There simply is no question that there has been a jobs recovery since the end of 2009. While it hasn't been fast enough, the 6 million plus people who have jobs now who didn't at that time would probably disagree strongly with those few who continue to insist on using scare quotes.
The rejoinder has been that jobs haven't grown nearly fast enough to close the gap with where they need to be taking into account population growth. In the aggregate, adjusted for population, job growth has been slow. But as we will see, the poor growth is concentrated in just a few areas, and in particular in manufacturing.
To make the point, every single graph I am running in this post describes one or more category of jobs, as a percent of the population.
Jobs are broadly divided into service and goods-producing sectors. Let's start with the service sector.
The first graph below shows the entirety of service sector jobs (blue) and all private sector service jobs [i.e., not including government jobs (red)] for the last half century:
As you can see, the service sector grew almost relentlessly until about 1999, and broadly speaking, has held steady since.
This next graph focuses in on the last 15 years. To show the trend clearly, I've added 0.075% to the private-sector only line (red), which does not affect its slope at all:
This graph tells us two things:
1) Private sector service jobs have almost completely recovered from their recession losses. As a share of the population, there are as many private sector service jobs as there were in the boom year of 1999 and from 2003 into 2005. In fact it is very questionable that we would want as many services jobs as we had as a percent of the workforce immediately before the 2008-09 severe recession. To have as many as we did in the peak year of the tech boom would only take about another 0.25% or so, or about 800,000. At the clip of 150,000 a month, if present trends continue we'll hit that sometime between the end of this year and next spring.
2) It would take about another 0.5% of the population getting federal, state, and local jobs to bring those back up to where they were, on average, in the 10 years between the tech boom and the onset of the great recession. That's about 1,500,000 jobs. In other words, not only do we have to rehire all the police and fire personnel and teachers who have been let go, but to keep even with population growth we need to hire more.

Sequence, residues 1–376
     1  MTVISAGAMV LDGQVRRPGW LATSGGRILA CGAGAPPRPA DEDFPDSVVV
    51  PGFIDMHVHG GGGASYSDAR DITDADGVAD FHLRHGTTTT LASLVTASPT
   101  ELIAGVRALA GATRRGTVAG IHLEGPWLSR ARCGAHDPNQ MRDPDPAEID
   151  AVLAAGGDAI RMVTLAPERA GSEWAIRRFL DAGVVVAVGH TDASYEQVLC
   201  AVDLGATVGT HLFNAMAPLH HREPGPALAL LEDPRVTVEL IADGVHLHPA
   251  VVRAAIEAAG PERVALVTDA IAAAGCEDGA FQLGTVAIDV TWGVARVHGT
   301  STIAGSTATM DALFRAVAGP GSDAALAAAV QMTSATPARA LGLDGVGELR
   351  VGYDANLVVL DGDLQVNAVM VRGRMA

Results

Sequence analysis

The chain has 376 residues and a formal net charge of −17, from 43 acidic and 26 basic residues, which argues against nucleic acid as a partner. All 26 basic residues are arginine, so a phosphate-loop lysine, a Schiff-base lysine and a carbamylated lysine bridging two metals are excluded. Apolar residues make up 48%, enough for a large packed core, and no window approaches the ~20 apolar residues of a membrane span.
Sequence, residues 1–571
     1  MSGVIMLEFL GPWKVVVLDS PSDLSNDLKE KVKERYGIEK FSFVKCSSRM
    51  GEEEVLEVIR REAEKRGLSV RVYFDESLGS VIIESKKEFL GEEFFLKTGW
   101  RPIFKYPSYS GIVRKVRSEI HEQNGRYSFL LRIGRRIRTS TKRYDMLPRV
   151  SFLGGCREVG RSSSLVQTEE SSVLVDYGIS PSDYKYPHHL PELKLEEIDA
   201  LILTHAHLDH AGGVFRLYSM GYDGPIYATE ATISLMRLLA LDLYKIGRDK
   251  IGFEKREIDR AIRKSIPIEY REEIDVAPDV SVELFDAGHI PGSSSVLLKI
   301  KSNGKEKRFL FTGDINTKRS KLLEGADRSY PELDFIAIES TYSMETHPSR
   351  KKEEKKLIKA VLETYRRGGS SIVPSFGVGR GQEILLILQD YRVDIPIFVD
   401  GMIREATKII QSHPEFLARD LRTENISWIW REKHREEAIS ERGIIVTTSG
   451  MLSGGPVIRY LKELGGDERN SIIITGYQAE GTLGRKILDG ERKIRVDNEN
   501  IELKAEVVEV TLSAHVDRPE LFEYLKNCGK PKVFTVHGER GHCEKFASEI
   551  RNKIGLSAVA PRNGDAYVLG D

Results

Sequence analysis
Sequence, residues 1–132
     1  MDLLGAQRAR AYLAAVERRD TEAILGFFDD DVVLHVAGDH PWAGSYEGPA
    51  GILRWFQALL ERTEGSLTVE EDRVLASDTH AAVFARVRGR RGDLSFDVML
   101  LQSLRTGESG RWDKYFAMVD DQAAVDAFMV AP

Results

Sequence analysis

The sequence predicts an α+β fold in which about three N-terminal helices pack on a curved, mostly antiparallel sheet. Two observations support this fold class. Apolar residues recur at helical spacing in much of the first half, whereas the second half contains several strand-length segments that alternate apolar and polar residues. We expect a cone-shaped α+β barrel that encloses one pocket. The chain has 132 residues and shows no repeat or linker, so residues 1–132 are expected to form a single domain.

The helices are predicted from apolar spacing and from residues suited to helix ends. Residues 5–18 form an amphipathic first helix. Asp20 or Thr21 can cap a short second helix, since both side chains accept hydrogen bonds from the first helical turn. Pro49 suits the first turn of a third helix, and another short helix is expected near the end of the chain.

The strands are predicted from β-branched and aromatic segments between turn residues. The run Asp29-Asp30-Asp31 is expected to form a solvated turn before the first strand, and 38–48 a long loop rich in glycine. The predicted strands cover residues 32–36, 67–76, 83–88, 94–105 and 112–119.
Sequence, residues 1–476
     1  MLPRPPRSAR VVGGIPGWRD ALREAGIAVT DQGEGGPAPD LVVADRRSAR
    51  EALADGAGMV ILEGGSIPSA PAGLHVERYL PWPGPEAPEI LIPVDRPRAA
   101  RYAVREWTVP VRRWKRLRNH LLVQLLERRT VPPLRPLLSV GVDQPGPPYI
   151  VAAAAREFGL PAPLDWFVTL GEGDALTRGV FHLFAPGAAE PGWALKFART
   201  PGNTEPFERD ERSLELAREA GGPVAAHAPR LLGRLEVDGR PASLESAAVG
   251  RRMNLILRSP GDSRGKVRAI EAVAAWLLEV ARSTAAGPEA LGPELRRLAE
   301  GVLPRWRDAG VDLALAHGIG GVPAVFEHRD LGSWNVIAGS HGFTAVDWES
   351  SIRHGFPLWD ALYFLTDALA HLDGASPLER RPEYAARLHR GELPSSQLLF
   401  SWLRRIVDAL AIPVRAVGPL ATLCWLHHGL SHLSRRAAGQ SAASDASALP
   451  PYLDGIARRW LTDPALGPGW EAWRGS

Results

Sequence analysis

Now let's turn to the goods-producing sector of the economy.
The first graph shows all goods-producing jobs (blue), and just manufacturing plus construction jobs (red). The primary difference, which isn't much, is employment in resource extraction such as mining:
Note that goods producing jobs held fairly steady through the 1970s, but have been decreasing, and decreasing at an accelerating rate, since that time.
But the decline is not proportionate between manufacturing and construction. This is clearly shown when we isolate construction:
Before the late 1980s, construction had rarely exceeded 2% of the entire workforce. And only with the housing boom and bubble that began in the late 1990s did it exceed 2.2%. It is questionable to say the least that we would want to recreate is all of the construction jobs that existed at the height of the bubble. Less than 0.4% of additional construction jobs would put us above the level of the late 1980s housing boom. And 0.5% puts us where we were in 2003. This is somewhere between 1.2 million and 1.6 million jobs.
Finally, let's contrast construction jobs (blue) with manufacturing jobs (red) since the tech boom:
As we saw before, construction jobs have declined only 0.4% since then. But manufacturing jobs have declined 1% since October 2004 (the closest they ever came to being YoY positive during that expansion), and a full 2.5% since 1998. The stark contrast is better shown when I add 0.0425% to the construction sum, so that both rates are equal in 1998 (note, it does not affect the slope of the difference at all):
Measuring since 1999, we have lost a whopping 7,500,000 manufacturing jobs as a share of the population! Even measuring since their last downward inflection point we are down 3,500,000 manufacturing jobs.
Here's one final graph, comparing total payrolls as a percentage of the population (blue), and all payrolls exclusive of manufacturing (red), plus 0.6% for direct comparisons with 1999:
In short, even measuring conservatively, the manufacturing jobs lost since their last downward inflection point before the last recession account for half of the entire remaining shortfall in jobs during the recovery (3.5 million of 6.8 million). If we measure from the time of the last legitimate jobs boom, they account for two-thirds of all losses (7.5 million of 11.3 million).